May 05, 2014
Advocacy could help Maori disabled
Advocates may be needed to make sure disabled Maori in Southland get better access to healthcare.
A University of Otago study has looked at issues for disabled Maori and their whanau in Murihiku.
It says say an advocate could accompany haua Maori to specialists to help them identify pertinent questions and get them answered.
Researcher Dr Brigit Mirfin-Veitch from the Donald Beasley Institute says people function better if they feel valued, connected and in touch, with a strong sense of self identity and self-worth.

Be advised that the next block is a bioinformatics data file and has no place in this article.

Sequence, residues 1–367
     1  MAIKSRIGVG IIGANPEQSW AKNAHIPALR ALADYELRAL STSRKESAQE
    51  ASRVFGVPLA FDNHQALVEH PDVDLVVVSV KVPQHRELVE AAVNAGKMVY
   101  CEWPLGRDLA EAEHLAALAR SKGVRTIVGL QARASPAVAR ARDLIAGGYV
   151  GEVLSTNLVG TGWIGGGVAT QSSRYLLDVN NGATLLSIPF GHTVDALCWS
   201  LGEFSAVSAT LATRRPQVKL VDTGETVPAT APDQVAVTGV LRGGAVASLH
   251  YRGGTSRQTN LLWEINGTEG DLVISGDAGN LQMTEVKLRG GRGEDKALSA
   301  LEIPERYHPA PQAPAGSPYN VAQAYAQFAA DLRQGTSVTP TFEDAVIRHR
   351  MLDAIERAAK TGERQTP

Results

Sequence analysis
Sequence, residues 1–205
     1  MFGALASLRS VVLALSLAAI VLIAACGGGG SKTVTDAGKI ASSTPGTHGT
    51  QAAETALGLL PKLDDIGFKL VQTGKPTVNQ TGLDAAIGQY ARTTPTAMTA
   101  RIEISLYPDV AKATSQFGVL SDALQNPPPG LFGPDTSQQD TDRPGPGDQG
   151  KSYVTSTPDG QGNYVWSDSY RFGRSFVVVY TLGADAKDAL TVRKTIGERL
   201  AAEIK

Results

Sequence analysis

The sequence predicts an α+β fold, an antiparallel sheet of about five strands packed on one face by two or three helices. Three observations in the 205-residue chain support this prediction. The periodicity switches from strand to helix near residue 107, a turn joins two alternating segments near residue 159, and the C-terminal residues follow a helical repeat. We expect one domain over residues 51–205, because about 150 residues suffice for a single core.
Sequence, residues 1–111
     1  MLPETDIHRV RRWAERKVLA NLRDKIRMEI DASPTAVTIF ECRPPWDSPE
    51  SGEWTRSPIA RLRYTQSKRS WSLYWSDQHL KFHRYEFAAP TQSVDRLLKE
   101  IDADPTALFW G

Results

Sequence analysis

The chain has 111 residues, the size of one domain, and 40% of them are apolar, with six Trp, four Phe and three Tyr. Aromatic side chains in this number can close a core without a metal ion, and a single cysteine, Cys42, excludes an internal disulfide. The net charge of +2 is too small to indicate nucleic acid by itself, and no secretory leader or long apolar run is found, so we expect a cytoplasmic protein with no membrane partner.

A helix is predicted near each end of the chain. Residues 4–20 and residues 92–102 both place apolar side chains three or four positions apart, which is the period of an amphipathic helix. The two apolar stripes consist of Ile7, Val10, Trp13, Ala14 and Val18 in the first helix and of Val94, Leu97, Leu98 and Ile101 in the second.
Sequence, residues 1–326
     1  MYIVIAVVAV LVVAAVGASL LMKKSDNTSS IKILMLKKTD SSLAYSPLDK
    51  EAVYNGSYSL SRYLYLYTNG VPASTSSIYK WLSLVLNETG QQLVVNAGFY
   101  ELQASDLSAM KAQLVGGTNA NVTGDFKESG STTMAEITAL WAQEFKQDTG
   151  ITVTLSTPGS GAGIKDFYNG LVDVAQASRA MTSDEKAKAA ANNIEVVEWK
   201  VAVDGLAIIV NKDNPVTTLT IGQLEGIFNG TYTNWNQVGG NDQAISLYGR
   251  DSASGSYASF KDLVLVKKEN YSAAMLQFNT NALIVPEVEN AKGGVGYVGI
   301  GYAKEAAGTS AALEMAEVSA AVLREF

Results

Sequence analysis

She says while four out of five health organisations in the region provide staff with cultural training or plan to do so, only 38 percent said they included Maori in their development of policy.
She says many organisations did not fully understand their Treaty of Waitangi obligations and the importance of tikanga Maori practice for services provided to Maori.
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